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Phonics Teacher Resources
Find teacher approved Phonics educational resource ideas and activities
Matching phonemes to graphemes can be as easy as playing a game of Bingo. Little learners build a strong understanding of medial sounds, vowels, and letter sound correspondence while playing Bingo. Bingo cards and picture cards are included; you just need to print and laminate the amount you need.
Get creative with phonics by having kids create a letter-sound mobile! Using a hanger, hole punch, string, and the provided image and letter cards, learners practice matching medial sounds to their corresponding vowels. Students attach the vowels to the hanger (three are pictured, but you can probably fit all five) with string and then proceed to attach each image below its medial sound letter. There are five images for each vowel, so keep in mind this may get hectic if strings become entangled, kids can't tie knots, etc. Consider using a circular wire if possible.
Matching letters to letter sounds can be fun and builds strong phonemic awareness. Kindergarteners take turns matching initial, medial, and final phonemes, to individual graphemes. They pick a card, say its name, then find the letter that makes that sound. If the card is a monkey, then the child finds the letter m, matching the grapheme to the initial phoneme in the word.
What do dominoes and phonemes have in common? Quite a bit in this engaging phonics game! Each domino has a letter on one side and an image on the other. Everything you need is here; partners place the starting domino on the table then take turns matching a letter to the picture at the end of the domino train. They say the initial sound of each image before matching the letter and play until all the dominos are gone. A complete set is included for printing here as well as some blanks you can use to create your own!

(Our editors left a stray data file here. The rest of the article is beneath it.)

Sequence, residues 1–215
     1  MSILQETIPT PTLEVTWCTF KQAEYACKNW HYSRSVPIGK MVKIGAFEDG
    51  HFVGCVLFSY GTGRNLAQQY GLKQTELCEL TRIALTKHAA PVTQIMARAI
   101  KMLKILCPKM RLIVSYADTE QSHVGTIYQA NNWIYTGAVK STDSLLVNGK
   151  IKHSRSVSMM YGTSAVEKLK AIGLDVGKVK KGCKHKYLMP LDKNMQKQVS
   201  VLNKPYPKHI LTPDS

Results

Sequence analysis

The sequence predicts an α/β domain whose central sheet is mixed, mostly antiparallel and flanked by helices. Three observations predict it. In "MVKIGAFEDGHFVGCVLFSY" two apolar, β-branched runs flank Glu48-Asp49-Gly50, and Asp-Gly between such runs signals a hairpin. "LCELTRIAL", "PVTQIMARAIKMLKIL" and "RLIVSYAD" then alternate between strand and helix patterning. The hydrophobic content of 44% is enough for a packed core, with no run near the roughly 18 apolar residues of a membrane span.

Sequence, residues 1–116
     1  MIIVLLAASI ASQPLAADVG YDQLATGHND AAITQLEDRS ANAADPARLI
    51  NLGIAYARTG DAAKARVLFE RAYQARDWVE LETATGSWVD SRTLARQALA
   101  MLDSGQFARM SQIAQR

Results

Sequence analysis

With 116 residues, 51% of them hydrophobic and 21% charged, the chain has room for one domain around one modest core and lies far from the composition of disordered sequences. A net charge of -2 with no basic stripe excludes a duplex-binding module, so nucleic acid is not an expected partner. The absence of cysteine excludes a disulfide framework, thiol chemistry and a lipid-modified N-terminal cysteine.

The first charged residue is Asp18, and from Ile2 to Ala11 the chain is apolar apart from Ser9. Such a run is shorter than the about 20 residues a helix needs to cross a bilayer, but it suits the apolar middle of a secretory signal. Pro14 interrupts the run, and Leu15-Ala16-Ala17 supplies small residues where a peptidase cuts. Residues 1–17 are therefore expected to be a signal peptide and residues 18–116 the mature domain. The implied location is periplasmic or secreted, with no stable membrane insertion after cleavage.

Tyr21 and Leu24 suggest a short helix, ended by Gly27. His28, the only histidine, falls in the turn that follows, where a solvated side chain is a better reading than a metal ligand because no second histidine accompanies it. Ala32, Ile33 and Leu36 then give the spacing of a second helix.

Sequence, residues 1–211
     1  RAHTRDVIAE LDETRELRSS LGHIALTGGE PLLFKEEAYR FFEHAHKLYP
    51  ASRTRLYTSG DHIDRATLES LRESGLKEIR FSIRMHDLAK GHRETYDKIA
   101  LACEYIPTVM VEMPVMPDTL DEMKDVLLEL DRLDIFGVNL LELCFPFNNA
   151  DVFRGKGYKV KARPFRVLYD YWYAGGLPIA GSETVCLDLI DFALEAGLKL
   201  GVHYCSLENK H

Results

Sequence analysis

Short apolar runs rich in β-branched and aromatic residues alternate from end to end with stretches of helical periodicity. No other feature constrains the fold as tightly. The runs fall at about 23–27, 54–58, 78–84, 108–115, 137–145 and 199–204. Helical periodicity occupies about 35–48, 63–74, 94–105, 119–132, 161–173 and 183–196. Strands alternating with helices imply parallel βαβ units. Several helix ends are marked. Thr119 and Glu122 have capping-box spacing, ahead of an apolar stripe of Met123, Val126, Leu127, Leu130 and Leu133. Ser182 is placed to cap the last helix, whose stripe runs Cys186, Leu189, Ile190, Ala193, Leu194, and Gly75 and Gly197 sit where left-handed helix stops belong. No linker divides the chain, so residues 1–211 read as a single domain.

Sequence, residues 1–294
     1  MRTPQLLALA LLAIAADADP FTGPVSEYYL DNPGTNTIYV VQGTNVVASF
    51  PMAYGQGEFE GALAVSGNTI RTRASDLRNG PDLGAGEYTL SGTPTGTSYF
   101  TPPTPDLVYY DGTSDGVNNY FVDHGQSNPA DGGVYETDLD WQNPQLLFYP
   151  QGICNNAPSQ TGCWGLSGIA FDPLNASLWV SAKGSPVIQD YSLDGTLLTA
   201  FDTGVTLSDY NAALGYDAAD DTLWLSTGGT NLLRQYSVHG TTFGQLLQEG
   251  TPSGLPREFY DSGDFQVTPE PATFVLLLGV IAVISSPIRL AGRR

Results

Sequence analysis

Print and laminate this fun game as a way to help your littlest learners build strong phonological awareness. Children pair up, one pulls a picture card, the other says the name of the image and attempts to match the final sound to the letter(s) on his pyramid of letters card. This is a great way to establish the skills needed to be a good reader.
The main exercise here has to do with initial, medial, and final sound correspondence. Youngsters practice decomposing word sounds using image cards and a template (both provided). They cut out ten 3-letter images and sound each out, gluing them alongside each almost-complete name on the worksheet...but their job is not yet done! Each word is missing one of the sounds, and they fill in the corresponding letter according to the sound they hear. There are dozens more images associated with these three sound categories; use your own creativity to put them to use!
Examine phonics expectancies and participate in a reader's theater activity. Learners examine expectancies using visual clues, discuss example words, and match open and closed syllable expectancy. Next, they participate in a reader's theater reading of The Legend of Lightning Larry by Aaron Shepard.
The phoneme train is leaving the station! Get your budding readers familiar with letter-sound correspondence using this fun phonics activity. They set up the initial sound and final sound train cards (included), placing a letter between them. Then, learners choose images to place beneath the train cars to indicate words which begin or end with that sound. You will need image cards and alphabet cards for this. There is a diagram to show you what this set-up looks like.